Personally, I am waiting with baited breath for the clinic's glass facade installation, along with the countless other innovative glass projects that will come online this year. And you can bet I'll include the completed clinic project—and many others—as a Great Glazing later this year. Here's to you, glass industry, for giving me a new-found appreciation for commercial glass. And here's to 2016, may it be a profitable and successful year for you all.

Bethany Stough is managing editor of Glass Magazine. Contact her at bstough@glass.org.

The opinions expressed here are those of the individual author and do not necessarily reflect those of the National Glass Association, Glass Magazine editors, or other glassblog contributors.

Monday, January 11, 2016

The new year is off and running so it’s time for me to take a jump into the deep end and present to you my fearless predictions for 2016! This was a very difficult list to compile as things are more fluid in our industry than ever, and you have the frustrating stock market issues hanging out there, which could derail some positivity. But that said, here goes…

 

  1. Go Big or Go Home. This was always what I would call a mini trend. Architects have been known to desire to go as big as they can (opening wise) and for years they would push the envelope in North America as far as they could. Sometimes they would get what they want, sometimes not. Now that game is changing. Between the growth and push by folks like AGNORA and the recent oversize upgrades by Viracon, the approach of going bigger on sizes is a reality. Add in the foreign influence that always is willing and able to provide oversize material, and you have a full-fledged trend on your hands. 2016 will see a lot of this.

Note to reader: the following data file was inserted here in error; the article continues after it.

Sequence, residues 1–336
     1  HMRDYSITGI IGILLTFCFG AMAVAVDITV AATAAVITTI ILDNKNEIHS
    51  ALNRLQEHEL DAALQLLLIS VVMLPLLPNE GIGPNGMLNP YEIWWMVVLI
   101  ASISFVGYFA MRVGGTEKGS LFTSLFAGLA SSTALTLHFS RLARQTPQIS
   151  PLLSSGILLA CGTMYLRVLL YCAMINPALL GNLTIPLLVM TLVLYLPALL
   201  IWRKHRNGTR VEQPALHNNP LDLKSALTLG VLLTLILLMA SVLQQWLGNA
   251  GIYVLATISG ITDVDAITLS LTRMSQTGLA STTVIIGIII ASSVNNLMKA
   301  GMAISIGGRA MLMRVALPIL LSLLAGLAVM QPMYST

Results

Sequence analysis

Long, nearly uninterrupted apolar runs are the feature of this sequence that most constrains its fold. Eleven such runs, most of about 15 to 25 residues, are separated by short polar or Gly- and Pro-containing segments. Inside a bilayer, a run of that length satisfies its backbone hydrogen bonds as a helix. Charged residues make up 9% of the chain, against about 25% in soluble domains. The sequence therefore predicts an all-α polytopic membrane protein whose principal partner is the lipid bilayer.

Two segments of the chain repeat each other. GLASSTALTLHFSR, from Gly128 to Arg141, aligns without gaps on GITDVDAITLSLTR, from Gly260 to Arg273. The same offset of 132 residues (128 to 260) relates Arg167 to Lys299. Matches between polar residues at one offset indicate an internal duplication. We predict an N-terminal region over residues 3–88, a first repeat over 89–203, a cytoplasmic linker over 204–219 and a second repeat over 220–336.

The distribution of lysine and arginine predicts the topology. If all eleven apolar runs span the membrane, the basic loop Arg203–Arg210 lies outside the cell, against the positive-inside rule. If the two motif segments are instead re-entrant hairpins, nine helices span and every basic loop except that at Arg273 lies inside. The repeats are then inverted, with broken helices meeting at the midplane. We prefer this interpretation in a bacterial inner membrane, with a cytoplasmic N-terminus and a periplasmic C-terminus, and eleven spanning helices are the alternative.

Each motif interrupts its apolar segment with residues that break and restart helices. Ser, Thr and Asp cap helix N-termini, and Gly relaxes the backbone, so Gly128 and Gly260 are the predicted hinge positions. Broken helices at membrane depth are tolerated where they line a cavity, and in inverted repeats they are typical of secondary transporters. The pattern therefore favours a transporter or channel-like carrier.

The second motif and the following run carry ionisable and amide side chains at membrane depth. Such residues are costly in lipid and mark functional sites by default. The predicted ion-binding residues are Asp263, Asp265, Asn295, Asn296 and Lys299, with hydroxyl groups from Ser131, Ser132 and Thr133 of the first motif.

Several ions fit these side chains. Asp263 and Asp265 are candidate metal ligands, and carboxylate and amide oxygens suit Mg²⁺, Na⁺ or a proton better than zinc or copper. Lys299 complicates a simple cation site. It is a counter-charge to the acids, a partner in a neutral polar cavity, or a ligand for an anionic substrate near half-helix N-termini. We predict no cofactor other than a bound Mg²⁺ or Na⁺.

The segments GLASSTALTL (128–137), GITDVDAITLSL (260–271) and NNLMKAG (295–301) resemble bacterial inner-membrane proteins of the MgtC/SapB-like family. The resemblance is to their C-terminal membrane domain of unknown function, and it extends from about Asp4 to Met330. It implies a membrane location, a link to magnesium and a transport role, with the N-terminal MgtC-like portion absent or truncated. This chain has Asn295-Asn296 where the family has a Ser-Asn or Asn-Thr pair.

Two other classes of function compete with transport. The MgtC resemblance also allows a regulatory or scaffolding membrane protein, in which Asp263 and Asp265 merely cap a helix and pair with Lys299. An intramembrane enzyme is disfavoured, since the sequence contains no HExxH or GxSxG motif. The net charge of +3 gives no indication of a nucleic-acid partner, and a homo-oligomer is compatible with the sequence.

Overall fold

2. Security Focused. No question we live in a scary world right now. I don’t think there’s ever been a time that we’ve all had to worry about security the way we have to now. Glass is a big part in the protection effort. Security glass is now more available than ever and being used in more applications than just federal buildings and high-risk areas. Schools are getting specific security-based glass applications and more and more businesses are choosing these options for their workers comfort and safety.
  3. Greenfielding is back and new players emerge. I think 2016 will see a few greenfield locations from established fabricators. There’s some very ripe markets that can use more fabricators and I have a feeling that you will see new plants pop up in 2016 with familiar names. Meanwhile, there’s quite a few players overseas looking to come to North America to set up shop, and I have a feeling they may choose to greenfield instead of buying someone established, though I am not totally convinced of that. But I do think you will see new players in North America in 2016 in one form or fashion.
  4. Codes and Certifications. I think the NACC takes off; it's too important for the industry not to. I also think individual certifications of installers also grow. We as an industry need to have that to show that we have the craftsmen and workmanship that is expected. On the code side, it’s been pretty quiet, so something tells me there’s going to be an issue coming up. It makes me think of a horror movie--just when things get really calm is when the monster jumps out with a chainsaw. Thankfully I am confident that folks like Dr. Tom Culp will be there to protect us…
  5. More focus on birds. Yes, I know this was on my 2015 list, but this is simply both a growth area and a meaningful process to protect wildlife. With more companies getting into the field, and more designers realizing what is happening, this grows in stature again.